STAKEHOLDERS from various West African countries and regional blocs are participating in a two-week training programme on migration management at the Kofi Annan International Peacekeeping Training Centre (KAIPTC) in Accra.
Participants are drawn from migration units of Interior Ministries, Foreign Affairs, the Immigration Service, gender protection units and civil society organisations, among others.
They are from Ghana, Nigeria, Senegal, the Gambia, Côte d'Ivoire, the African Union (AU), and the Economic Community of West African States (ECOWAS).
The programme, which was launched at the centre yesterday, is the first fully fledged academic activity on migration in the West Africa region.
Among topics to be discussed are international cooperation on migration, regional policy making, migration and gender, migration and development, and human rights legal framework of people on the move.
It was developed with support from the Swiss State Secretariat for Migration (SEM).
The Commandant of KAIPTC, Major General Richard Addo Gyane, said with the world getting increasingly interconnected, the challenge of managing migration had grown dramatically as more people were compelled to move out of their homes by diverse economic, political, social and environmental factors.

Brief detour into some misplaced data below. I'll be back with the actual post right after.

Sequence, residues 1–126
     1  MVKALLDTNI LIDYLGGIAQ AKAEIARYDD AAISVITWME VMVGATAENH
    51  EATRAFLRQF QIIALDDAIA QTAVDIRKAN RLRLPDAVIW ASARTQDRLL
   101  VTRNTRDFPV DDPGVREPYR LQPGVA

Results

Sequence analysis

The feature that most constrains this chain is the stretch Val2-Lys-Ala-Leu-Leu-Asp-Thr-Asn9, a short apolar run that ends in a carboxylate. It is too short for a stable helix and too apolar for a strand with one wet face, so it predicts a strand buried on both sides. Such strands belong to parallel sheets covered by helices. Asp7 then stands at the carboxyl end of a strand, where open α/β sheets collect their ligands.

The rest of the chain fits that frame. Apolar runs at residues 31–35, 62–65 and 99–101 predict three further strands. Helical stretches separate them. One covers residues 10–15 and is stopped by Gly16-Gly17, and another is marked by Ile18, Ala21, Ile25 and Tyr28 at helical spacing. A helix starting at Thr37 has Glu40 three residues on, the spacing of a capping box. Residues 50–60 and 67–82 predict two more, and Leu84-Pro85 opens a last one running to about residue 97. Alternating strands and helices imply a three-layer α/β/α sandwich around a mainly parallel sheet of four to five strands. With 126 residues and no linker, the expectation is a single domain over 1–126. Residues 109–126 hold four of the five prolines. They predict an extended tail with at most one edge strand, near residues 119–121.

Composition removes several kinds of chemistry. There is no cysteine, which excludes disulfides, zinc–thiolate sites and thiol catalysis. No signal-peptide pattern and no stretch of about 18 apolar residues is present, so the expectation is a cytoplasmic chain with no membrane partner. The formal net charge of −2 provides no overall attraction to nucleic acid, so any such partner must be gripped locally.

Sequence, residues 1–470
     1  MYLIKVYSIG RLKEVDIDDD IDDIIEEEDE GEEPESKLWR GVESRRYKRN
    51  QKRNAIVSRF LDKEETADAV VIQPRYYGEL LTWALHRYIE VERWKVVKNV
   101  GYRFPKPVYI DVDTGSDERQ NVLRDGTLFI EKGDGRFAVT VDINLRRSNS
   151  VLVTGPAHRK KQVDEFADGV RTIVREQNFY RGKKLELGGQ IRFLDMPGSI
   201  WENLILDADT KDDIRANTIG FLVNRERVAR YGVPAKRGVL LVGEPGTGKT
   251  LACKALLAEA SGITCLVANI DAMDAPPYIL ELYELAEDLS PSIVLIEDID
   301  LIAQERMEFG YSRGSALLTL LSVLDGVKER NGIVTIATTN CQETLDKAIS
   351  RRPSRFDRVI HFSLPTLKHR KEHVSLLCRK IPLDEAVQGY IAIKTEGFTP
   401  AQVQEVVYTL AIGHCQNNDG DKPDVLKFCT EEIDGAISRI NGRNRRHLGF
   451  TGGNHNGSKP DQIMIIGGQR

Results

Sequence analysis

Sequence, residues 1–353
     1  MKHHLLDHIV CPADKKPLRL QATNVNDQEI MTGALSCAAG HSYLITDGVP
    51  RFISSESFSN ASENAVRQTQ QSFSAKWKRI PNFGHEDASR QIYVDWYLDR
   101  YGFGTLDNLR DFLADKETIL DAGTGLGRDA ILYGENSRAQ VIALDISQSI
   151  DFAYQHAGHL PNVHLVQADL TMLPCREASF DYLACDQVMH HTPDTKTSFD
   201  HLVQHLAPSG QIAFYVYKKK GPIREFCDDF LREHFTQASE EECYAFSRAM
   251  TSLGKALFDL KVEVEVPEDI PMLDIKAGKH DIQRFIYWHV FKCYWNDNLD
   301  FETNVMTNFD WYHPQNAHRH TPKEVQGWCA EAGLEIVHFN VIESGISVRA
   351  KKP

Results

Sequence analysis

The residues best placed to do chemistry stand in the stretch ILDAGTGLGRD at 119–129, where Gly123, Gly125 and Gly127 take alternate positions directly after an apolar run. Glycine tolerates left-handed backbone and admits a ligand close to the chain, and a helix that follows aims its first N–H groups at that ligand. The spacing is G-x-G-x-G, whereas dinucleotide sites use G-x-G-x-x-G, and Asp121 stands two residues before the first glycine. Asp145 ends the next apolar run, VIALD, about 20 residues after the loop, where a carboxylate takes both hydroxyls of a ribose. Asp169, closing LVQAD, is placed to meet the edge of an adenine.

He said such challenges had raised concerns of stemming irregular migration, facilitating regular movements, strengthening migration and development links, and ensuring state security while protecting the human rights of migrants.
In line with that, Maj. Gen. Gyane said the course had been developed to equip participants with the knowledge, tools and skills to contribute to, and improve on migration policies and management in Africa, especially West and Central Africa.
“We hope to deliver a training that seeks to provide answers to the challenges arising from migration in the region, expose participants to the legal frameworks, experiences and best practices to help manage issues as well as provide a safe place for discussions, brainstorming and open exchange of ideas,” he added.
The course, the Commandant further said, would offer opportunities to practitioners to learn and critically examine issues at hand and the way forward on how to effectively manage migration, adding that “this way, we can all work together to maximise the development impact for all concerned”.
The Swiss Ambassador to Ghana, Simone Giger, said migration could not be tackled in isolation by a country and, therefore, called for a cross-country approach based on partnerships and cooperation.
“Switzerland is committed to support this course in the future and hope it will constitute a real added value for each participating country and the region.
“I encourage you to actively participate in the course, ask critical questions, debate and exchange experiences, and hopefully you will take home some new tools and know-how, as well as a new network within the region to improve migration management in your home country,” she added.